<?php

use League\Uri\Components\Path;

$path = new Path('path/to/./the/../the/sky%7bfoo%7d');
$newPath = $raw_path->withoutDotSegments();
echo $path;                   //displays 'path/to/./the/../the/sky%7bfoo%7d'
echo $newPath;                //displays 'path/to/the/sky%7Bfoo%7D'
$newPath->sameValueAs($path); //returns false;

Removing empty segments

Sometimes your path may contain multiple adjacent delimiters. Since removing them may result in a semantically different URI, this normalization can not be applied by default. To remove adjacent delimiters you can call the Path::withoutEmptySegments method which convert you path as described below:

<?php

use League\Uri\Components\Path;

$path    = new Path("path////to/the/sky//");
$newPath = $path->withoutEmptySegments();
echo $path;                   //displays 'path////to/the/sky//'
echo $newPath;                //displays 'path/to/the/sky/'
$newPath->sameValueAs($path); //returns false;

Manipulating the trailing slash

Depending on your context you may want to add or remove the path trailing slash. In order to do so the Path object uses two methods which accept no argument.

Path::withoutTrailingSlash will remove the ending slash of your path only if a slash is present.

<?php

use League\Uri\Components\Path;

$path    = new Path("path/to/the/sky/");
$newPath = $path->withoutTrailingSlash();
echo $path;     //displays 'path/to/the/sky/'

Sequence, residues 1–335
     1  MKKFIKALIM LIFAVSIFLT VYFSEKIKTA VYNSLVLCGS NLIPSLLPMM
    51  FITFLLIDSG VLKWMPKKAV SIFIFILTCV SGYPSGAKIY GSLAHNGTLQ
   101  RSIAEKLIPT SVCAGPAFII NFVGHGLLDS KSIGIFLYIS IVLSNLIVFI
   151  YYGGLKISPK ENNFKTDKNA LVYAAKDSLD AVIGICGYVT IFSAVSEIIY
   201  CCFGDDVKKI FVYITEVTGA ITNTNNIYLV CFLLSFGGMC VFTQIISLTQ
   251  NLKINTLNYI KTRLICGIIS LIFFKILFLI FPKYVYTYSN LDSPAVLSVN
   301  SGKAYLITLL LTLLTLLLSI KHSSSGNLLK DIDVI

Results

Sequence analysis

echo $newPath;  //displays 'path/to/the/sky'

Conversely, Path::withTrailingSlash will append a slash at the end of your path only if no slash is already present.

<?php

use League\Uri\Components\Path;

$path    = new Path("/path/to/the/sky");
$newPath = $path->withTrailingSlash();
echo $path;    //displays '/path/to/the/sky'
echo $newPath; //displays '/path/to/the/sky/'

Manipulating the leading slash

Conversely, to convert the path type the Path object uses two methods which accept no argument.

Path::withoutLeadingSlash will convert an absolute path into a relative one by removing the path leading slash if present.

<?php

use League\Uri\Components\Path;

$path    = new Path("path/to/the/sky/");
$newPath = $path->withoutTrailingSlash();
echo $path;    //displays 'path/to/the/sky/'
echo $newPath; //displays 'path/to/the/sky'

Path::withLeadingSlash will convert an relative path into a absolute one by prepending the path with a slash if none is present.

<?php

use League\Uri\Components\Path;

$path    = new Path("/path/to/the/sky");
$newPath = $path->withTrailingSlash();
echo $raw_path; //displays '/path/to/the/sky'
echo $newPath;  //displays '/path/to/the/sky/'

Specialized Path Object

What makes an URI specific apart from the scheme is how the path is parse and manipulated. This simple path class although functional will not ease parsing a Data URI path or a FTP Uri path. That’s why the library comes bundles with two specialized Path objects that extend the current object by adding more specific methods in accordance to the path usage: